• # Lorentz Transformation Dilemma

Posted by on July 27, 2021 at 11:29 pm

My issue with special relativity is mathematical. The Lorentz Transformation produces a completely degenerate solution by simply rearranging a standard derivation of it. This means that an equation A x^2 + B xt + C t^2 = 0 is obtained where A = B = C = 0 assuming a constant speed of light, standard linear relations between x’, t’, x, and t, and a spherical wave. The left-hand side of the equation always equals zero regardless of the values of x and t.

replied 1 year ago 3 Members · 6 Replies
• 6 Replies
• ### John-Erik

Member
July 28, 2021 at 1:19 pm

Yes, scientists write r^2-c^2*t^2=R^2-c^2*T^2=0. Respecting both equalities gives Galilean transform and no time dilation. Ignoring the last equality gives Lorentz transform with time dilation.

John-Erik

• ### Randy

Member
July 28, 2021 at 8:00 pm

To make sure I’m understanding your notation, is the r and ct in one reference frame such as the S frame and the R and cT in another reference frame such as the S’ frame?

• ### John-Erik

Member
July 29, 2021 at 6:46 pm

Yes

• ### Randy

Member
July 31, 2021 at 1:32 pm

Perhaps we have different starting points because I cannot derive either the Lorentz or Galilean transformation from the equations without additional information. The equations, at least for the Lorentz transformation, can be either for a circle where r^2 = x^2 + y^2 or for a sphere where r^2 = x^2 + y^2 + z^2. Assuming a constant speed of light c where

x’ = α<sub>1</sub>
x + α<sub>2</sub> t, y’ = y, z’ = z

t’ = β<sub>1</sub>
x + β<sub>2</sub> t,

I arrive at the equation

(α<sub>1</sub><sup>2</sup>
– β<sub>1</sub><sup>2</sup> c<sup>2</sup> – 1) x<sup>2</sup> – 2 (β<sub>1</sub> β<sub>2</sub> c<sup>2</sup> + α<sub>1</sub><sup>2</sup>
v) xt + (c<sup>2</sup> – β<sub>2</sub><sup>2</sup>
c<sup>2</sup> + α<sub>1</sub><sup>2</sup> v<sup>2</sup>) t<sup>2</sup> = 0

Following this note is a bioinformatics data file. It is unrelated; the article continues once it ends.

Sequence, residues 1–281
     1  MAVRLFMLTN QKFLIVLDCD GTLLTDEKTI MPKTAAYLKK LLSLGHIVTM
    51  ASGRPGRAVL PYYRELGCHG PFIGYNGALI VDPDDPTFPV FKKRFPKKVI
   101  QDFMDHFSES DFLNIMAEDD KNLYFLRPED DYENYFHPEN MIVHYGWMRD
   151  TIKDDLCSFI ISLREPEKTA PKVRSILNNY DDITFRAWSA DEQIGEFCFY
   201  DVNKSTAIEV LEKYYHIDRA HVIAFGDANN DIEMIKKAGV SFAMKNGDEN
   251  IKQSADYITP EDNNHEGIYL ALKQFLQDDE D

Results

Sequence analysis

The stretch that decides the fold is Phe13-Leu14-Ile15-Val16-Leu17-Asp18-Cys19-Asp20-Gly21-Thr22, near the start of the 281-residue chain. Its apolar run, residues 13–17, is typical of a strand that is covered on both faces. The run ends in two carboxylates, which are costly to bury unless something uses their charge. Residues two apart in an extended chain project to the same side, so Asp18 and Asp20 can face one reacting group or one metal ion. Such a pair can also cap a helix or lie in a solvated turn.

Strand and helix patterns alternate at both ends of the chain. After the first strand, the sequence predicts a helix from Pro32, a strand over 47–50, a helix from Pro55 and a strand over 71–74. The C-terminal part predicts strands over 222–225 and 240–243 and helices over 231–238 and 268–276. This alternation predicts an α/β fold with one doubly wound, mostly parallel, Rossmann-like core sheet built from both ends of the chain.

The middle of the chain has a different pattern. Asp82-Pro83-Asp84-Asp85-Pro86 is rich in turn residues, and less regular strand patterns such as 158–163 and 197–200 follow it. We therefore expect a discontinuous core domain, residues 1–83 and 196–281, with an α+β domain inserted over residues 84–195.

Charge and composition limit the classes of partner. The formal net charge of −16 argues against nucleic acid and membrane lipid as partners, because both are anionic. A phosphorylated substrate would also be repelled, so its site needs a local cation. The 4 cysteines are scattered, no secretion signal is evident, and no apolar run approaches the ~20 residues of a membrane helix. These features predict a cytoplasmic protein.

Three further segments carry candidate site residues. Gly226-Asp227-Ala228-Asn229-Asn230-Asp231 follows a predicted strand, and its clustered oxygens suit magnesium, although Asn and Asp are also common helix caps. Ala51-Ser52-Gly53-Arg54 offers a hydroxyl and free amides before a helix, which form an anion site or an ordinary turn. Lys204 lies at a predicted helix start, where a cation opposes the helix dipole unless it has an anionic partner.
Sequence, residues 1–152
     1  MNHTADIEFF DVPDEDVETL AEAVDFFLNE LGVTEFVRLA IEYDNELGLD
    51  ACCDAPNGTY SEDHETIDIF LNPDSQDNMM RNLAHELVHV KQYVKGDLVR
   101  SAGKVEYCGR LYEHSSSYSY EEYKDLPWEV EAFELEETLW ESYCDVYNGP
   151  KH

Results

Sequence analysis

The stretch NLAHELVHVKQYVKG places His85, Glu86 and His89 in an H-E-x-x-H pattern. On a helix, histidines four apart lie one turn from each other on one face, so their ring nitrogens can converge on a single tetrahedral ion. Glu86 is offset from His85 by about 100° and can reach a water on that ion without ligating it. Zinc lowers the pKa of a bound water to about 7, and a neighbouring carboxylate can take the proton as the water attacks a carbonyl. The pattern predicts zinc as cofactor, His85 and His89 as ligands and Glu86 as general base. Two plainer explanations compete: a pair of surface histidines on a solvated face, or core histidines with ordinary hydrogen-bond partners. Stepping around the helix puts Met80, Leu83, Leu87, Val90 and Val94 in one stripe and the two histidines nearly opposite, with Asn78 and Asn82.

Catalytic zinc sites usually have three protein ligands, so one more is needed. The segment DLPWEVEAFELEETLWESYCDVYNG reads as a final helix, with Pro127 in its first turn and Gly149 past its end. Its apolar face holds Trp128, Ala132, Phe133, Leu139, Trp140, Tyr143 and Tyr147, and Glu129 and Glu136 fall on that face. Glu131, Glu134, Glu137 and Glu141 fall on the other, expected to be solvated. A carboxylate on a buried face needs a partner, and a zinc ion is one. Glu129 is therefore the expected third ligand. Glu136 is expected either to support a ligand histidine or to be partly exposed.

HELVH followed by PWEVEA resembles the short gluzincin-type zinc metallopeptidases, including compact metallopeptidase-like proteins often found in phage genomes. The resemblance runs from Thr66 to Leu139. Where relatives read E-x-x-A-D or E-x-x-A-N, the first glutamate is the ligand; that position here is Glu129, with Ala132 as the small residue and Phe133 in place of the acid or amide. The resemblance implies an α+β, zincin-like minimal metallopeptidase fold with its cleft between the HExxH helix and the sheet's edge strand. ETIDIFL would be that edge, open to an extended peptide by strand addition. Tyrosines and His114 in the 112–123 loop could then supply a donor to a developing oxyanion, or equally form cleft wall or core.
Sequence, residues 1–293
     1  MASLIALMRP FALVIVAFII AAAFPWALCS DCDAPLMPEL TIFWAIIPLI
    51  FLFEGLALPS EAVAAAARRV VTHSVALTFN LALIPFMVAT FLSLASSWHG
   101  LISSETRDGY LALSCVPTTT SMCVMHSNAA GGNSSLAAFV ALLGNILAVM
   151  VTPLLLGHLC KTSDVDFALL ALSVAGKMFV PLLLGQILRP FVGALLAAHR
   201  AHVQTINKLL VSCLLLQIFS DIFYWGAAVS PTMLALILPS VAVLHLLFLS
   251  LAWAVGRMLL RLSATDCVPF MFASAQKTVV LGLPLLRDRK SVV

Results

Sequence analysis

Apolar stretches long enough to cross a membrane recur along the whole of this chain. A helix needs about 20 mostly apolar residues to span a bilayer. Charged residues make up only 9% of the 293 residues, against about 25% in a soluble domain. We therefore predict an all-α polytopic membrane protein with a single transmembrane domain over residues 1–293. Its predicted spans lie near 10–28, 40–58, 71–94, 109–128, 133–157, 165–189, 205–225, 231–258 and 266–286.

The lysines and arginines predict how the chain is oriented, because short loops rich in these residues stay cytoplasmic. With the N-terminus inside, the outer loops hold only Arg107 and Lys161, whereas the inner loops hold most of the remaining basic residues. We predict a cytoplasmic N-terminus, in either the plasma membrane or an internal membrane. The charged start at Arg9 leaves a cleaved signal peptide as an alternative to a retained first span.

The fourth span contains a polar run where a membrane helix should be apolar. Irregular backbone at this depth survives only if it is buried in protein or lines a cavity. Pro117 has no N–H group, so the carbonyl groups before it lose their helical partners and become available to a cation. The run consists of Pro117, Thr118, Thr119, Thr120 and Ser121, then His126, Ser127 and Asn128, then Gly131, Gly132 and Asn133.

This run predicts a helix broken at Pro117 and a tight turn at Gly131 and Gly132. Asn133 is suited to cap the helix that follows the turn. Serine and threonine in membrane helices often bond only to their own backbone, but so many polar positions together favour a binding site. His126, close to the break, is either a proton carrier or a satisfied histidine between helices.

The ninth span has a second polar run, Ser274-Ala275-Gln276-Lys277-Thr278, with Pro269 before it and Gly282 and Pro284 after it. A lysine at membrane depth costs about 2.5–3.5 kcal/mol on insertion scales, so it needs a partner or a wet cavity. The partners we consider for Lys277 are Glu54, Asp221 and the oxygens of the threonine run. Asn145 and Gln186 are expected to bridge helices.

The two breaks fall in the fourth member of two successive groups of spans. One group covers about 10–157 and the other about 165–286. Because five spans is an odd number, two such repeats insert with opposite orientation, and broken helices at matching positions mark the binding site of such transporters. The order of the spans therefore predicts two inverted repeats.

where v is the speed between reference frames. This equation is of the form A x^2 + B xt + C t^2 = 0 and cannot be solved without more information.

On the other hand, the values for the components from the Lorentz transformation are known as

α<sub style=”background-color: transparent; font-family: inherit;”>1</sub>
= β
<sub style=”background-color: transparent; font-family: inherit;”>2</sub> = γ and β<sub style=”background-color: transparent; font-family: inherit;”>1</sub>
= – γ v/c
<sup style=”background-color: transparent; font-family: inherit;”>2</sup>

where γ is the Lorentz factor. Substituting these values for the components produces

(0) x<sup>2</sup> – 2 (0) xt + (0) t<sup>2</sup> = 0

which is degenerate.

• ### Randy

Member
July 31, 2021 at 1:45 pm

Sorry, the message didn’t post as it was written. Is there any way in this forum to post standard mathematical equations?

The message is posted below without HTML markups.

Perhaps we have different starting points because I cannot derive either the Lorentz or Galilean transformation from the equations without additional information. The equations, at least for the Lorentz transformation, can be either for a circle where r^2 = x^2 + y^2 or for a sphere where r^2 = x^2 + y^2 + z^2. Assuming a constant speed of light c where

x’ = α1 x + α2 t, y’ = y, z’ = z

t’ = β1 x + β2 t,

I arrive at the equation

(α1^2 – β1^2 c^2 – 1) x^2 – 2 (β1 β2 c^2 + α1^2 v) xt + (c^2 – β2^2 c^2 + α1^2 v^2) t^2 = 0

where v is the speed between reference frames. This equation is of the form A x^2 + B xt + C t^2 = 0 and cannot be solved without more information.

On the other hand, the values for the components from the Lorentz transformation are known as

α1 = β2 = γ and β1 = – γ v/c^2

where γ is the Lorentz factor. Substituting these values for the components produces

(0) x^2 – 2 (0) xt + (0) t^2 = 0

which is degenerate.

• ### Jerry

Organizer
January 20, 2022 at 3:04 am

Hi. What type of observations does the Lorentz Transformation present to physical reality? A main idea I’ve heard is that when the Lorentz Transformation is applied to “faster than light” velocities of objects, that it always prevents travel at or over c.

If possible, what could we describe accurately in words about this, with the least amount of math and technical terminology?

Thanks!

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